Internet has made information concerning publicly traded
company transactions easily available. Industry norms can
also be identified. Historic and present price multiples
can be derived. While useful when valuing large closely
held businesses (with annual revenues in excess of $100
million), public companies’ revenues, market size,
and capitalization may make them less appropriate when valuing
a smaller business. Such differences certainly require downward
adjustments. However, there may also be useful identifiable
similarities. Adjustments follow the rationale applied in
the income approach when adding company-specific risk in
developing a risk rate. These adjustments should be explained
and the data source given weight relative to other methods
and approaches depending upon degree of comparability.
many cases, the business or business interest (shares held)
being valued is owned by one person. This implies the prerogatives
and benefits derived from managerial control. Many analysts
argue that shares bought and sold in the publicly traded
market do not have such “enterprise” control
and that a premium should be added to adjust the value of
shares in a closely held company. A controlling interest
might warrant a premium of 30% or more. Some argue that
the combination of all minority interests in a publicly
traded company represents its enterprise value, because
the shareholders can sell their interests in underperforming
companies, which can decrease company value and influence
management. In addition, shares of most public companies
have a significantly higher degree of liquidity, able to
be sold and converted into cash in about three days. The
closely held business does not have such liquidity; therefore,
a discount for lack of marketability is likely required.
Such discounts and premiums should not be made arbitrarily.
Their quantification requires empirical support from company
performance and industry indicators relative to other alternative
investments. An example of how the market approach may be
applied is shown in the Sidebar.
Mergers and Acquisitions
midmarket category (annual revenues generally between $10
million and $100 million) typically includes purchases of
an entire company by another, larger company. Payment is
usually in terms of stock of the acquiring company, cash,
debt, or a combination. Some analysts argue these purchases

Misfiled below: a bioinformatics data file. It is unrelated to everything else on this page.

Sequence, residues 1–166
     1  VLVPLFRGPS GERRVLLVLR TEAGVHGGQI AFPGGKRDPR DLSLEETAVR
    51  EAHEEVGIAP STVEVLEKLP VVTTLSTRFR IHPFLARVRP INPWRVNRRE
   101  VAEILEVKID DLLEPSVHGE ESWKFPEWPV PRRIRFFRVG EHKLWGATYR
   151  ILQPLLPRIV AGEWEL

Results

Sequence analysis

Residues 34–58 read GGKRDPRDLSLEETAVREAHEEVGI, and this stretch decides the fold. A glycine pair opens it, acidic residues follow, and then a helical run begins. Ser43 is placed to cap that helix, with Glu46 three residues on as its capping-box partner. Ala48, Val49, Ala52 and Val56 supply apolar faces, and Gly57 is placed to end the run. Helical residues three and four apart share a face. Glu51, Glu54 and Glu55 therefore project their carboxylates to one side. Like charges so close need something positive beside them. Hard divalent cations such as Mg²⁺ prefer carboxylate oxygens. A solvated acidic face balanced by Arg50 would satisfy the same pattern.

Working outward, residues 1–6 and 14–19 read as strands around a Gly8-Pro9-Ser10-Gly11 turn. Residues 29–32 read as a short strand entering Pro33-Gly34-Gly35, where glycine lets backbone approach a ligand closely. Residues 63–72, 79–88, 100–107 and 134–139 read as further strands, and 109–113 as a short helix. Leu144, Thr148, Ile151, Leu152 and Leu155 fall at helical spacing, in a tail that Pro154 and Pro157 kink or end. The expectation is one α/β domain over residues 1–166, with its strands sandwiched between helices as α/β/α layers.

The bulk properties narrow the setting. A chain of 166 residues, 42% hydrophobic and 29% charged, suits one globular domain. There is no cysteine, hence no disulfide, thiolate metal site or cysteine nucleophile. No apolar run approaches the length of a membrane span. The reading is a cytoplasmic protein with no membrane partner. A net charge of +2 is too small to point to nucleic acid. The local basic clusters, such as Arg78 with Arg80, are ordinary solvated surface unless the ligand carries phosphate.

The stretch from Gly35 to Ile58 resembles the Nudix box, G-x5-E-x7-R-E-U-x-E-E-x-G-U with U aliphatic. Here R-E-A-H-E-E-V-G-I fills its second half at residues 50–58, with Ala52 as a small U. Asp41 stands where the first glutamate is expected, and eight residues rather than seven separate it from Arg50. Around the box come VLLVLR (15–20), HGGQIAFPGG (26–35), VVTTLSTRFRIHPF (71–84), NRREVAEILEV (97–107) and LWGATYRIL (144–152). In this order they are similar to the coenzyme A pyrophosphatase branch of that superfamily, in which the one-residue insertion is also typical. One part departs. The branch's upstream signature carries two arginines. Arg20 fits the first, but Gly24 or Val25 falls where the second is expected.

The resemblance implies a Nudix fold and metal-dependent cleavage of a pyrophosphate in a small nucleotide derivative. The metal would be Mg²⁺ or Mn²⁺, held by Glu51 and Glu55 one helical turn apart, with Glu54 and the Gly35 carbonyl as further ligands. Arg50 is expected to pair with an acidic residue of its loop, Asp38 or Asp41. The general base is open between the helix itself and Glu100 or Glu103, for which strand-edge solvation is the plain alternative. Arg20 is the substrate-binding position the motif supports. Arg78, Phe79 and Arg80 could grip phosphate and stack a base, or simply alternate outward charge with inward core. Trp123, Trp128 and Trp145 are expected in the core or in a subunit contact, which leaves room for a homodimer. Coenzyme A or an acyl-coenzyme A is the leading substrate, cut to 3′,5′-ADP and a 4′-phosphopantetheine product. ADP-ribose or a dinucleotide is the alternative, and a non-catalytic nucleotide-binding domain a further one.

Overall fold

are “synergistic” because their investment value
is higher to a specific buyer than to the general pool of
potential buyers. Therefore, some argue, a downward adjustment
is needed to reflect fair market value. The wide variety
of sizes of comparable business may necessitate adjustments.
are several data sources for these transactions. Merger
& Acquisitions and Mergerstat report both private and
publicly traded acquisitions. Midmarket Comps and DoneDeals
report almost exclusively private transactions. These data
sources do not report nearly as many transactions as found
in public markets. Verification of reported financial data
is often difficult. Financial data are often sufficient
to obtain price multiples based on annual revenues, earnings,
and book value. The strength of these sources lies in the
fact they are almost always acquisitions of an entire entity,
and the acquirer often has fiscal similarities to the closely
held company being acquired and valued. Discounts for lack
of control and marketability would be smaller, depending
upon the circumstances of the company being valued and the
transactions that are relied upon.
Held (Private) Transactions
90% of U.S. businesses have annual sales below $10 million.
Two data sources on small transactions are provided by IBA
and Bizcomps. IBA data include more transactions, but contain
a limited amount of detail on each. A large number of IBA
transactions can be grouped into segments. The pricing multiples
of the segment that most closely mirrors the subject company’s
performance can be applied. Bizcomps
data are similar to IBA data, but offer more information
about the transaction, including the asking and sales price,
days listed, terms of sale, amount down, and values of inventory,
fixtures, and equipment. Another company, Pratt’s
Stats, provides greater detail. It offers more price multiples,
and indicates whether the sale was asset or stock. It has
somewhat fewer transactions than Bizcomps, and more transactions
are in the midmarket range.
IBA and Bizcomps contain the earnings’ benefit referred
to as sellers’ discretionary cash flow (SDCF). SDCF
includes the owner’s compensation and all discretionary
earnings and distributable profits. These figures are assumed
to be on a pretax basis, are asset sales inclusive of fixtures
and equipment, and offer sufficient information to identify
price-to-revenues and SDCF multiples. Bizcomps sales prices
exclude inventory, which would be added to any subsequent
valuation. See the Sidebar for an example of how closely
held transaction data can be used in a valuation.
All Available Resources
valuation analyst must have the resources and experience
to effectively use the market approach. A balanced business
valuation will commonly demonstrate similarities in both
the income and market approaches, both of which will require
a degree of analyst assumptions. A report without development
of the market approach suggests a questionable work product.
Understanding the process allows the user to review and
question the analyst’s conclusions, which are frequently
represented as reflecting the investment behavior of the
buyer and seller.
L. Sheeler, PhD, CBA, AVA, is the managing partner
of the nationwide business valuation and economic damages
firm Allison Appraisals & Assessments, Inc. and an adjunct
professor at Bryant University. He is also an instructor for
the National Association of Certified Valuation Analysts.
He can be reached at 800-286-6635 or email@example.com.